Dove Hunting: Getting Started

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Published on: Aug. 20, 2013

some concealment to break up your outline, such as a brushy fencerow or clump of vegetation. Also, if possible, set up so the sun is to your back, which will keep the sun out of your eyes and make you more difficult to see.

Doves often land on the bare limbs of dead trees along the edge of grain fields before flying to the ground to feed. Sitting up next to these trees often offers close shots as the birds come in to land. Power lines also serve as a favorite place for doves to land. Don’t shoot doves off power lines. Shot can damage the lines.

Learn how to judge distances. This will let you know when a dove is in range to shoot. If you are using an open-choked shotgun, your shots should probably be closer than 30 yards. If you are using full choke, you can likely take shots out to a little more than 40 yards.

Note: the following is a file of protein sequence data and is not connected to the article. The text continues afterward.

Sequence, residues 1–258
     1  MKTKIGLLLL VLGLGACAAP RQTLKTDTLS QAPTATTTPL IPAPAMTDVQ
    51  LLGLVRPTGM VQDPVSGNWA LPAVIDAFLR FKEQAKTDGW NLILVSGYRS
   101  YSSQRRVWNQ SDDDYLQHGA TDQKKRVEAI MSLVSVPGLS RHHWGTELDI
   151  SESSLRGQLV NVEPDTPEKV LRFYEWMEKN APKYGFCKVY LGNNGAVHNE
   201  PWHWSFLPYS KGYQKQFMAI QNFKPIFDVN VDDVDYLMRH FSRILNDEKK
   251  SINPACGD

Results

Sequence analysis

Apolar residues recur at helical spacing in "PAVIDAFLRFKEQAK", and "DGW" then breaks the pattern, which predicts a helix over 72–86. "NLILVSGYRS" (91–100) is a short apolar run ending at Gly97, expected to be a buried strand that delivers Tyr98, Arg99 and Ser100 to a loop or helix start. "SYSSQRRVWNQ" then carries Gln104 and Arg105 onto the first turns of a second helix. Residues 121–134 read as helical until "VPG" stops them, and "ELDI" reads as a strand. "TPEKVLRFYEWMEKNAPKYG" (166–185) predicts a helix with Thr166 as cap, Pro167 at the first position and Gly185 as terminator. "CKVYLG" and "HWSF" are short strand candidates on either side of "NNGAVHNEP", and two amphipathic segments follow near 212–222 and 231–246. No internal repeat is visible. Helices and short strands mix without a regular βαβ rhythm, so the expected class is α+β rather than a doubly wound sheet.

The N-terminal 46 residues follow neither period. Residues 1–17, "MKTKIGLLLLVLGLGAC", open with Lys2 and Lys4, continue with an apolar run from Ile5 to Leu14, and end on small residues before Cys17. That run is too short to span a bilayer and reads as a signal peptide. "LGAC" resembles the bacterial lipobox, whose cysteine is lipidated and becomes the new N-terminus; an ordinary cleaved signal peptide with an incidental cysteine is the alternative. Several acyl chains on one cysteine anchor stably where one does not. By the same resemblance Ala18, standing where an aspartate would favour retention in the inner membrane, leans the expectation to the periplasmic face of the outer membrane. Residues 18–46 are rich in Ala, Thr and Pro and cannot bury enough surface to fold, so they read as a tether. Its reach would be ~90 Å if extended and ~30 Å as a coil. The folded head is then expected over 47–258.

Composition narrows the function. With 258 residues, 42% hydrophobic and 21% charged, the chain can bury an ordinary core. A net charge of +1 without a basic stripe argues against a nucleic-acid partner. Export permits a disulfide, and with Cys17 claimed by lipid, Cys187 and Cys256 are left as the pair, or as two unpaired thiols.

Gain skill at judging distances quickly by practicing at times other than when you are hunting. In your yard, guess how far away you are from a tree or a clump of grass, then walk it off and see how close you were to your estimate. You can do the same when on a walk or at the mall or at practically anytime you are in a large area.

Doves are frequently missed because hunters shoot too far. Also, doves are missed because hunters raise their shotguns to shoot before doves are in range. Doves see the movement and flair before they get close enough to shoot. When you see a dove flying your way, hold absolutely still. When the dove is in range to shoot, then raise your shotgun. This way, when the dove flairs, it’s already close enough for a good shot.

When you down a dove, rivet your eyes to the spot where you saw the dove fall, and while walking to the spot, keep your eyes on that spot. Doves are relatively small birds and are easily hidden in tall grass and other vegetation. They also blend in well among corn or milo stalks. Even if other doves are flying in at easy gun range while you walk to a downed dove, resist the urge to take another shot. Keep your eyes on the spot where your bird fell, retrieve it, then get back to hunting.

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